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Integrity, Innovation & Quality
October 11, 2016
First-time prospectors Dan Frederick and his daughter, Lauren, scored a 2.03-carat white diamond within 60 minutes of searching the side of a plowed furrow at Arkansas’s Crater of Diamonds State Park last Tuesday.
Dan Frederick, who hails from Renton, Wash., and Lauren, who lives in Los Angeles, traveled 2,200 and 1,600 miles, respectively, to prospect for gems together at the only diamond site in the world that allows treasure hunters to keep whatever they find. The entry fee cost them $8 apiece.
The Fredericks had never visited the Crater of Diamonds State Park before and planned their trip to Arkansas after searching the internet for "places to find gems."
Dan Frederick noted that he and his daughter started their search for gems at 8 a.m., and by 9 a.m. Dan had spotted the diamond's metallic shine on top of the ground near the Star of Arkansas diamond marker on the north end of the park’s 37.5-acre diamond search area. The Fredericks named their find "The Lucky Diamond."
Lauren Frederick told ArkansasOnline.com that the diamond "was the cherry on top of a fun and special trip."
Park Interpreter Betty Coors described the diamond as having a pearly white color and a distinct triangular shape that results when two diamond crystals share part of the same structure during formation deep within the earth. These twinned crystals are called "macle" gems.
Larger diamonds are occasionally found on the surface of the search area by park visitors. Diamonds are a bit heavy for their size, and when rain washes dirt away, they are sometimes exposed right at the top. When the sun comes out, they sparkle and are easier to spot.
“Dan Frederick has proven, once again, that it is possible to find large, beautiful diamonds while surface searching," Coors said in a statement. "This is an example of a diamond that all park visitors dream of taking home.”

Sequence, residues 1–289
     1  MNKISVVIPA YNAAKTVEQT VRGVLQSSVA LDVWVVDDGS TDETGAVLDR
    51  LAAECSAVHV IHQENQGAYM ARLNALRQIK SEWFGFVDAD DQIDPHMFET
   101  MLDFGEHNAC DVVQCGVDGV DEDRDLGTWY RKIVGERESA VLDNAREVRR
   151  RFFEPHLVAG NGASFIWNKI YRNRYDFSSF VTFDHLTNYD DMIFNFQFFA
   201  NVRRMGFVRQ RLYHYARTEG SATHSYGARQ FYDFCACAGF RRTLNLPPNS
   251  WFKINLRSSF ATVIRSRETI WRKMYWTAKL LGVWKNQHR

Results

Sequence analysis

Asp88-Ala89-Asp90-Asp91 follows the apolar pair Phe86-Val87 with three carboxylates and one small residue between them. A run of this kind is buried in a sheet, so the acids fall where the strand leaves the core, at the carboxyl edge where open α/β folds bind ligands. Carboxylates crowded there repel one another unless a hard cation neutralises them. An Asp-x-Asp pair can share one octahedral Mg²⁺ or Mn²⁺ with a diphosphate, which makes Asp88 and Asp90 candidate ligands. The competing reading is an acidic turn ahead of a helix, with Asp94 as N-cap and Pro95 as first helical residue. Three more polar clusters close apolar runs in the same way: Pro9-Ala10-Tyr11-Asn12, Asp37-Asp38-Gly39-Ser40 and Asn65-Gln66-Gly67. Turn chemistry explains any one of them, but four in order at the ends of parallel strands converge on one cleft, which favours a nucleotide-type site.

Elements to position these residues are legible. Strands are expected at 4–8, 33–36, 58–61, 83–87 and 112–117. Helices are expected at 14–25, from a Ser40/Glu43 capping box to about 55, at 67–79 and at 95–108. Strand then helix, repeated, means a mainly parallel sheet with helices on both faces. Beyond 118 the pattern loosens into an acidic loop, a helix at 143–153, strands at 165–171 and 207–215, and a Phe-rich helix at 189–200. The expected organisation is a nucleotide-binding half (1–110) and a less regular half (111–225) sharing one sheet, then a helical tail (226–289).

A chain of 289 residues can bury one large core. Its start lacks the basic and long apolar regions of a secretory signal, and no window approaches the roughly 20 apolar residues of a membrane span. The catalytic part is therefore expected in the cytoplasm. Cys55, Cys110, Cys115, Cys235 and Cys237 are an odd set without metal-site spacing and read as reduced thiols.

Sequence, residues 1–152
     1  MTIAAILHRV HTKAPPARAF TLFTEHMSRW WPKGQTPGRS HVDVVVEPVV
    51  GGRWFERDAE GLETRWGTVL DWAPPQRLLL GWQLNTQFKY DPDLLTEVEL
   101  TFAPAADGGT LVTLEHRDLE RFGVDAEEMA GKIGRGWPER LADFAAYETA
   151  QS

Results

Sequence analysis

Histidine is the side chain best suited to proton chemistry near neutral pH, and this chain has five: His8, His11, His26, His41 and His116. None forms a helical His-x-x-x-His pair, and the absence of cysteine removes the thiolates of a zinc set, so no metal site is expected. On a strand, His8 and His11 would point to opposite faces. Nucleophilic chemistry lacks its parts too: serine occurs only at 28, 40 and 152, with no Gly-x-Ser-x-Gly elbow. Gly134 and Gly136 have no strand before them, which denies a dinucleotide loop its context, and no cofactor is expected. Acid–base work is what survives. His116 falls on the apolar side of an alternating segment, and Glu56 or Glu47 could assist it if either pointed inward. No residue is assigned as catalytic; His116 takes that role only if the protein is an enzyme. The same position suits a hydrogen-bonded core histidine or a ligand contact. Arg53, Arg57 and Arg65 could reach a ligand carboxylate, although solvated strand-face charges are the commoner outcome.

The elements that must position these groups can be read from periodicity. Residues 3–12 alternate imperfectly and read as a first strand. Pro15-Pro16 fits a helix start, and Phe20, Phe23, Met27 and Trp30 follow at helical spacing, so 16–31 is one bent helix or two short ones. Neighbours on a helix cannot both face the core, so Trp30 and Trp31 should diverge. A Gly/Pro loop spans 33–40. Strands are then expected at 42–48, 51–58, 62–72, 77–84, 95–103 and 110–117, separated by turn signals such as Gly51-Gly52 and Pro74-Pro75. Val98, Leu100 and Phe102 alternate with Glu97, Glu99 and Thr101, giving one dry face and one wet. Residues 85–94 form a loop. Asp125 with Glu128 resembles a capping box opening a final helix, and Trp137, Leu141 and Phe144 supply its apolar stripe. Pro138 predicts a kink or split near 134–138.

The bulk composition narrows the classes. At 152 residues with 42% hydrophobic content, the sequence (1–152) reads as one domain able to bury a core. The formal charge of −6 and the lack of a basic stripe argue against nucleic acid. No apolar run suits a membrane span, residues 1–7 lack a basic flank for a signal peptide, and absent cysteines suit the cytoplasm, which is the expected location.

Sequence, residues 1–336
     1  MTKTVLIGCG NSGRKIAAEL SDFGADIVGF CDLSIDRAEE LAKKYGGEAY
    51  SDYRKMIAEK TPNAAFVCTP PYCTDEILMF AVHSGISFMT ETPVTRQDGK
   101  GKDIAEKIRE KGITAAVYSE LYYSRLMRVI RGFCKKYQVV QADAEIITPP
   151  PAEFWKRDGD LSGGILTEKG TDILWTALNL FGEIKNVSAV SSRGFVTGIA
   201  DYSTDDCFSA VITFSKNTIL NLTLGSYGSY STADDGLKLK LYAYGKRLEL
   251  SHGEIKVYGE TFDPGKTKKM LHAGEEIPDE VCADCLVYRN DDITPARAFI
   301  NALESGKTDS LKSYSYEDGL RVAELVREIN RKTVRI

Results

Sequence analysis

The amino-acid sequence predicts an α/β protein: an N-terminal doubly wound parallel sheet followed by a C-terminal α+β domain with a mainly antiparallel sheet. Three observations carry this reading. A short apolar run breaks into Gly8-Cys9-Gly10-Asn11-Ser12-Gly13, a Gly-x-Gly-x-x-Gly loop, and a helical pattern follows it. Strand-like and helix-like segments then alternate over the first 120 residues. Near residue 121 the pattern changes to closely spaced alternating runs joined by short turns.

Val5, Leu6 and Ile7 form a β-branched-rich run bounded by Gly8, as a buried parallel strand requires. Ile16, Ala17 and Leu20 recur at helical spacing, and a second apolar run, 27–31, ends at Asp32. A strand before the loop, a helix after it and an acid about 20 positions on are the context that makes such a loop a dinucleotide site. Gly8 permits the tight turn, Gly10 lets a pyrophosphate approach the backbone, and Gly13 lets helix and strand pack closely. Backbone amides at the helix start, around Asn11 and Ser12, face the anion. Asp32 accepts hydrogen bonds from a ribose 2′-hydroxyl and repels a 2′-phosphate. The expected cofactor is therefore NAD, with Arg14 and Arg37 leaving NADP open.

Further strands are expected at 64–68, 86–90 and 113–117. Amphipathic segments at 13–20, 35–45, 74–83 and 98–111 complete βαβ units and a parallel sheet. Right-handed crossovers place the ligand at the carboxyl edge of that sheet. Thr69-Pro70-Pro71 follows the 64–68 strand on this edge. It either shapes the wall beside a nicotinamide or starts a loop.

The Fredericks have yet to decide whether they will have their diamond faceted and polished or leave it in its natural state.
The search field in Murfreesboro, Ark., is actually the eroded surface of an ancient diamond-bearing kimberlite pipe. The park maintains a generous finder’s keepers policy and even provides experts to help amateur prospectors identify what they’ve found. Besides diamonds, the search field often yields amethyst, garnet, peridot, jasper, agate, calcite, barite and quartz.
More than 75,000 diamonds have been pulled from the Murfreesboro site since farmer John Huddleston, who owned the land, found the first precious gems in 1906. The site became an Arkansas state park in 1972. The largest diamond ever discovered in the U.S. was unearthed here in 1924. Named the Uncle Sam, the white diamond with a pink cast weighed an astounding 40.23 carats.
The excitement of finding a precious gemstone has made Arkansas’s Crater of Diamonds State Park a popular family-fun attraction. In 2015, the park welcomed 168,000 visitors, compared to 51,000 just 10 years earlier.
Credits: Images courtesy of Crater of Diamonds State Park.
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